“At the same time, Schatzberg was the principal investigator on a National Institute of Mental Health grant that included research on mifepristone [RU-486] for this use and he was coauthor of three papers on the subject.”
    — Marcia Angell, MD

    “Perhaps the most egregious case exposed so far by Senator Grassley is that of Dr. Charles B. Nemeroff, chair of Emory University’s department of psychiatry and, along with Schatzberg, coeditor of the influential Textbook of Psychopharmacology.”
    — Marcia Angell, MD

    “Nemeroff was the principal investigator on a five-year $3.95 million National Institute of Mental Health grant—of which $1.35 million went to Emory for overhead—to study several drugs made by GlaxoSmithKline.”
    — Marcia Angell, MD

    “To comply with university and government regulations, he was required to disclose to Emory income from GlaxoSmithKline, and Emory was required to report amounts over $10,000 per year to the National Institutes of Health…
    “But according to Senator Grassley, who compared Emory’s [University] records with those from the company, Nemeroff failed to disclose approximately $500,000 he received from GlaxoSmithKline for giving dozens of talks promoting the company’s drugs.”
    — Marcia Angell, MD

    “In June 2004, a year into the grant, Emory [University] conducted its own investigation of Nemeroff’s activities, and found multiple violations of its policies.”
    “Nemeroff responded by assuring Emory [University] in a memorandum, “In view of the NIMH/Emory/GSK grant, I shall limit my consulting to GSK to under $10,000/year…” ”
    “Yet that same year, he received $171,031 from the company, while he reported to Emory [University] just $9,999…”
    — Marcia Angell, MD

    “Emory [University] benefited from Nemeroff’s grants and other activities, and that raises the question of whether its lax oversight was influenced by its own conflicts of interest.”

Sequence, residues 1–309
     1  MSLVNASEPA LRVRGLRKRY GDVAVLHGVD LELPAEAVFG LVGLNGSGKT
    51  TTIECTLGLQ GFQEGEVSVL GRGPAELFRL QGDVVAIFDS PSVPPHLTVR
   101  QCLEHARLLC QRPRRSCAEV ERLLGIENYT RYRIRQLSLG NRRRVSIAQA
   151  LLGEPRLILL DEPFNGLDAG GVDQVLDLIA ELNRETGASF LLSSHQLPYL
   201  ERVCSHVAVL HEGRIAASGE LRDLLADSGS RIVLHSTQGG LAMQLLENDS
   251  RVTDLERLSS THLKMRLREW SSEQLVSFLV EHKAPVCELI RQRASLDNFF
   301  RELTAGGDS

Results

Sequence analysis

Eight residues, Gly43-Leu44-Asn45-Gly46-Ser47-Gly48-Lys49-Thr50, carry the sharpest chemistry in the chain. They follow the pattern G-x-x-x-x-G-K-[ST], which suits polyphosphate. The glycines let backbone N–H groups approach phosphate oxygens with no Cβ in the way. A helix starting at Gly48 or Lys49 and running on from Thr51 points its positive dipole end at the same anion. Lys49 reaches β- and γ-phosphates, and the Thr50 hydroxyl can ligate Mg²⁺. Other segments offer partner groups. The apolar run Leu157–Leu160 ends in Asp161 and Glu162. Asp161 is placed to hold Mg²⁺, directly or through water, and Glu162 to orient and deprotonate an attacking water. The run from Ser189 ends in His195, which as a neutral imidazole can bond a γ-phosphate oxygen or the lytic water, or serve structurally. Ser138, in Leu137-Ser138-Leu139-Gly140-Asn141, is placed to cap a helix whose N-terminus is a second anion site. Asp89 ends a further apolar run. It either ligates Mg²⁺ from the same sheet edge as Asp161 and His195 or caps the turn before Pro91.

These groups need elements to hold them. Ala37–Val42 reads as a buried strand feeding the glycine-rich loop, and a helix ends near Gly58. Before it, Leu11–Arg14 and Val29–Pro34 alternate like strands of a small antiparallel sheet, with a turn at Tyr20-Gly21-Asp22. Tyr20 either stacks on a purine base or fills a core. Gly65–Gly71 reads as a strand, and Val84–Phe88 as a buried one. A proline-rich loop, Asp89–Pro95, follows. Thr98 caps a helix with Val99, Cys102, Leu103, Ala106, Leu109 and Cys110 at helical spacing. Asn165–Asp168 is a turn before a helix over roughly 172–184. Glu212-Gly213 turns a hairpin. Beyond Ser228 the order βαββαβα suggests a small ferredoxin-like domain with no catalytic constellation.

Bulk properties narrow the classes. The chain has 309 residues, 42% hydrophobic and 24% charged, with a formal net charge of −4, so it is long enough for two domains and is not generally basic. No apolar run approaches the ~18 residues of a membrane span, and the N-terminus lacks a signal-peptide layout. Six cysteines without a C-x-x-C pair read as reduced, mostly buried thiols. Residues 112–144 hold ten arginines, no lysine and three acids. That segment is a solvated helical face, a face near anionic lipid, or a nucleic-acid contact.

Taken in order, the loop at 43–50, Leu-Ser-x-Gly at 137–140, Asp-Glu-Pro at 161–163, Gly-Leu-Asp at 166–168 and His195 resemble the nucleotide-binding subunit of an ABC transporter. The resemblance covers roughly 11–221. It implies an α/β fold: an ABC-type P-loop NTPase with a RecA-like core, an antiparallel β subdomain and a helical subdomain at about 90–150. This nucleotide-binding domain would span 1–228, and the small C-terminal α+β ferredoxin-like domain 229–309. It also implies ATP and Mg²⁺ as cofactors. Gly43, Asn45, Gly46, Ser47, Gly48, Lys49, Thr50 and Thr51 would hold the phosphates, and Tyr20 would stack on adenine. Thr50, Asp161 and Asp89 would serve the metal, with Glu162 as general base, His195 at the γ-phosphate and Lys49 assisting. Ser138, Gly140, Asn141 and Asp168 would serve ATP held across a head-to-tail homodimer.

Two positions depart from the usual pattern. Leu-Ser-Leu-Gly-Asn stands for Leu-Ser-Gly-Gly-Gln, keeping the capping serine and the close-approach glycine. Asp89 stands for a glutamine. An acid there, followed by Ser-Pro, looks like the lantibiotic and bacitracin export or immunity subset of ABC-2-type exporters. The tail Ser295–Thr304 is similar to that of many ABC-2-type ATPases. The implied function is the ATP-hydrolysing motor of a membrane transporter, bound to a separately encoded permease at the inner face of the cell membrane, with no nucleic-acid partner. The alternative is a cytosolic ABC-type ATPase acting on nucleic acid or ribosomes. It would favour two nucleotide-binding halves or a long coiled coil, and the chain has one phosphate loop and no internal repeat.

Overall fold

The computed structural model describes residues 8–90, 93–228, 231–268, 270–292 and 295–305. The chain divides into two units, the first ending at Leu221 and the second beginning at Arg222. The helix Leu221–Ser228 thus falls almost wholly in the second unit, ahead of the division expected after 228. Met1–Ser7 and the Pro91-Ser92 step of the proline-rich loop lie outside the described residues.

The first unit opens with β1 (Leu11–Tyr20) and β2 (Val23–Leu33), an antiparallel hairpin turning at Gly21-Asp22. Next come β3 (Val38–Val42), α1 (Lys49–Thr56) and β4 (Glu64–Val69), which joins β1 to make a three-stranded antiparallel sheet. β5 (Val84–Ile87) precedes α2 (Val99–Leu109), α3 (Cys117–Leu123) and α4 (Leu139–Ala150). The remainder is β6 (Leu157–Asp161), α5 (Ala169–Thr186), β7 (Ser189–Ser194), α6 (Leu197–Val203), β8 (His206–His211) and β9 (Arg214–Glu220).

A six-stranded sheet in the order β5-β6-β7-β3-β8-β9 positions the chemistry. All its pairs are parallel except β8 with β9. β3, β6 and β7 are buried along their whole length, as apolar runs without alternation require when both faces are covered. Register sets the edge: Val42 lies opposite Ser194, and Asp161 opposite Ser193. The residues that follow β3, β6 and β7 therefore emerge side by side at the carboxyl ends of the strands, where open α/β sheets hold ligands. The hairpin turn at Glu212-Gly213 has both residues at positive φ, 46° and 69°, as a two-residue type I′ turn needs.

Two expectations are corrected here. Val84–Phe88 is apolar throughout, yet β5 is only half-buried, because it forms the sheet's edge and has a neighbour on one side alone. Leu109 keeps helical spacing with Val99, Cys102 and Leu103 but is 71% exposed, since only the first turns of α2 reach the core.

— Marcia Angell, MD

    “... similar conflicts of interest pervade medicine.”
    — Marcia Angell, MD

    “Indeed, most doctors take money or gifts from drug companies in one way or another.”
    — Marcia Angell, MD

    “No one knows the total amount provided by drug companies to physicians, but I estimate from the annual reports of the top nine [9] US drug companies that it comes to tens of billions of dollars a year.”
    — Marcia Angell, MD

    “Its extensive ties to physicians, particularly senior faculty at prestigious medical schools, affect the results of research, the way medicine is practiced, and even the definition of what constitutes a disease.”
    — Marcia Angell, MD

    “The results of all the trials… are submitted to the FDA, and if one or two trials are positive… the drug is usually approved, even if all the other trials are negative.”
    — Marcia Angell, MD

    “But physicians may prescribe approved drugs “off label”... and perhaps as many as half of all prescriptions are written for off-label purposes.”
    — Marcia Angell, MD

    “[Drug companies] often prefer using medical schools [to do drug studies]... mainly because it gives them access to highly influential faculty physicians — referred to by the industry as “thought-leaders” or “key opinion leaders” (KOLs).”
    — Marcia Angell, MD